This Is Very Scary: Pigeons Don't Forget Faces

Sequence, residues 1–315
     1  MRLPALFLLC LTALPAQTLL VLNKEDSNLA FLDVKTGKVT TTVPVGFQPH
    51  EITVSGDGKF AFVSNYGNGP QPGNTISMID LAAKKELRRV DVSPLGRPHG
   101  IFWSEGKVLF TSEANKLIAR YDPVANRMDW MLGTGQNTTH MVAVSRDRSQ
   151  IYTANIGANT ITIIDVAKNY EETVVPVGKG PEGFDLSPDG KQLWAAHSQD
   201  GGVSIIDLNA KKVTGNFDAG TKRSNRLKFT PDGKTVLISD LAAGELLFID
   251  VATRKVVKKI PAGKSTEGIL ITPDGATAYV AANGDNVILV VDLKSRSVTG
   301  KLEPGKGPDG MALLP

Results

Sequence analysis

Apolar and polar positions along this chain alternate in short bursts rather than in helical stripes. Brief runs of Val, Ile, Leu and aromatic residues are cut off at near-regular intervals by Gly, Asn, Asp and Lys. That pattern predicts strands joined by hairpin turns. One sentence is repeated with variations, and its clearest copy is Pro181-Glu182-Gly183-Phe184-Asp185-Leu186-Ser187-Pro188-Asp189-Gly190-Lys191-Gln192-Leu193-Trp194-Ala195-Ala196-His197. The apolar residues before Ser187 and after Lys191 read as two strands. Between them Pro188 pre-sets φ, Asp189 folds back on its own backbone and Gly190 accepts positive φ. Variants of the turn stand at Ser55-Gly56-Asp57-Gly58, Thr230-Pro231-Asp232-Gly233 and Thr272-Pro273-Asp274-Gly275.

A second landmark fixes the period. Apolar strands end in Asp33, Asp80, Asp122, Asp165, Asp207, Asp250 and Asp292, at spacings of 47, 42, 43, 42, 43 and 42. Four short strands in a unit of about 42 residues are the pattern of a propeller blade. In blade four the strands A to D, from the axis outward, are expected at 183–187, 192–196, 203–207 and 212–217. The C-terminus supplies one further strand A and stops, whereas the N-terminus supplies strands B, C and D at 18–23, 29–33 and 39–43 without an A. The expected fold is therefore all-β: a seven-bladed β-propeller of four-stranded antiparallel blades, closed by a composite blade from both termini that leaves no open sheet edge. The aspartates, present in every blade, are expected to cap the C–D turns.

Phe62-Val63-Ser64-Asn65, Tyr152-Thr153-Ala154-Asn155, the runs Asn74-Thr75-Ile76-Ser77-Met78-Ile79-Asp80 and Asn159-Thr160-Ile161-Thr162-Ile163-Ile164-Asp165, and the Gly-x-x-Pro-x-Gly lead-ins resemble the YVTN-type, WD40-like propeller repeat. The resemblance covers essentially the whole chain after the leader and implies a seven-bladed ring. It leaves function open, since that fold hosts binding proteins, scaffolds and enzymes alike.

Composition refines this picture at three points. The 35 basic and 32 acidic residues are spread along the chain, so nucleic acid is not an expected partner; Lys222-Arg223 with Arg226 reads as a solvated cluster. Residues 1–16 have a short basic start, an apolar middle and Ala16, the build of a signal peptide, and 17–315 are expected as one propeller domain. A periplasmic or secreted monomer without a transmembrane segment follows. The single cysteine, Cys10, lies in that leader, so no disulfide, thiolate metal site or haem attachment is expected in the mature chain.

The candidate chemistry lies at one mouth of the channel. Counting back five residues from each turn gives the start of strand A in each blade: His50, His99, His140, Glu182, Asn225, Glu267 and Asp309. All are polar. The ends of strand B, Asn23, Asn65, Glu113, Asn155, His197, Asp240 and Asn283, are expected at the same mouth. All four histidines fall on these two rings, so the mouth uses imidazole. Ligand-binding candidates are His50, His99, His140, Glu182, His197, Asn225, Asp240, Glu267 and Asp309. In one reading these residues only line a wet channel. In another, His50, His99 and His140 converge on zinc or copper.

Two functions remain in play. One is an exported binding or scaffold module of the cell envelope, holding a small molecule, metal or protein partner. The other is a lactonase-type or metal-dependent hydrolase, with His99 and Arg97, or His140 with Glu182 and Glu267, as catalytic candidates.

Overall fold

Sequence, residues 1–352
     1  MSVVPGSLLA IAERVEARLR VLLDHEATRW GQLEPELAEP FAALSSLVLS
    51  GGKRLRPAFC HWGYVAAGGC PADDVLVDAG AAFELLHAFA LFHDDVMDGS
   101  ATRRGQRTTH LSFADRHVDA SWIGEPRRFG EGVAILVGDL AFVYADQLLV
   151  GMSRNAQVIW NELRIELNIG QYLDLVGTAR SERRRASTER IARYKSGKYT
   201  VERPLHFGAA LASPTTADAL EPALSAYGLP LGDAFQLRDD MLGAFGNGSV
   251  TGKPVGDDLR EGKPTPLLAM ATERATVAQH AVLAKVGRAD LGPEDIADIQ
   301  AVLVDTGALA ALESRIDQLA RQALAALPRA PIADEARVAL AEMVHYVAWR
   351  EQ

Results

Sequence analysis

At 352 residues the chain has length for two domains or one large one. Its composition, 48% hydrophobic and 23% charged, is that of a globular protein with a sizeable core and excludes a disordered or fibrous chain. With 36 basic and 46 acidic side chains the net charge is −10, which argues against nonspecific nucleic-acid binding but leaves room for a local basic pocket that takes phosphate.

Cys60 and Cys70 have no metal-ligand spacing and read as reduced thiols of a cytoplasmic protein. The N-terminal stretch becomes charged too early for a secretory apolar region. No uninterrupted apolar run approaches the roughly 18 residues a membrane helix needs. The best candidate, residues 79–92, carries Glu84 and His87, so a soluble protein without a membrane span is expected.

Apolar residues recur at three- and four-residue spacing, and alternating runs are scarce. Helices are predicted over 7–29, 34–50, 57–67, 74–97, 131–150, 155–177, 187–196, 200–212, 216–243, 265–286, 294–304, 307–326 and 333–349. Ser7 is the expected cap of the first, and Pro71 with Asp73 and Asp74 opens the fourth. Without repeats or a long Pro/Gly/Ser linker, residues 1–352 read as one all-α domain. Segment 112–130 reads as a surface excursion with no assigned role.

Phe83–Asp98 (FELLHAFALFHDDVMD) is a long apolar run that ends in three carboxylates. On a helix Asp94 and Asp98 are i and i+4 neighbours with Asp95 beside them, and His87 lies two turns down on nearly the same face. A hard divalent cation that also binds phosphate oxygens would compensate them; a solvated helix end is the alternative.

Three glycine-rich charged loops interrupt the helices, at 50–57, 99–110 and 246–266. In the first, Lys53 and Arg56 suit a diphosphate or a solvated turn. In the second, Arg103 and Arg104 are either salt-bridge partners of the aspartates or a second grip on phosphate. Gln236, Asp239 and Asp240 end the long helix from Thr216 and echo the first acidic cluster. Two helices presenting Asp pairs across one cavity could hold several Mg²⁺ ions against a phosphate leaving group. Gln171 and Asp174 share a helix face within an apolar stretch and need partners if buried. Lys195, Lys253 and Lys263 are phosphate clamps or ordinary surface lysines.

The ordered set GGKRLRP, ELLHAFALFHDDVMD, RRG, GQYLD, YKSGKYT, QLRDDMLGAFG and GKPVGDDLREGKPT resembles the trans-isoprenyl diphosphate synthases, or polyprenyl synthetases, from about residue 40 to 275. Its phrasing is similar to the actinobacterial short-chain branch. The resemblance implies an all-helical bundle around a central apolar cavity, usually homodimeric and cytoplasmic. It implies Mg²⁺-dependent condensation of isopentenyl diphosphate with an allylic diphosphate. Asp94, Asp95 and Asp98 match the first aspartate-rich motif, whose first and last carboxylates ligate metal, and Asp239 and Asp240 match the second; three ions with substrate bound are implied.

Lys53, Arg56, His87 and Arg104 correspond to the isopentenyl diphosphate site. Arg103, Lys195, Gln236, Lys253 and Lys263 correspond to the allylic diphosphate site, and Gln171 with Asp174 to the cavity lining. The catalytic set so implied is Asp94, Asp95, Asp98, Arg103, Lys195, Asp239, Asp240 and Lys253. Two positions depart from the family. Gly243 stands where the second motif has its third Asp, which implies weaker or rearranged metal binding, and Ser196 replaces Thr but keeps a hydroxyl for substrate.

Seeing The Birds left us with two things: An admiration for Tippi Hedren and an enduring fear of, obviously, birds. While the phobia is primarily concentrated on seagulls, we wouldn't be lying if we said we step lightly around pigeons, a tough feat to do in a city where they're more common than Starbucks. If you're as scared as us, you might want to stop reading. On Sunday, French researchers revealed a study that showed feral pigeons were able to tell the difference between two humans of the same gender, age, and skin color. In experiments conducted in Paris, the researchers sent two subjects (wearing different colored clothes) to a park with bird food. One was nice, the other mean. Here come the chills—the pigeons didn't forget that. According to the paper, "The birds have developed abilities to discriminate between humans in particular. This specialized ability may have come about over the long period of association with humans, from early domestication to many years of living in cities." Washington Square Park, we'll miss you. (Gothamist)
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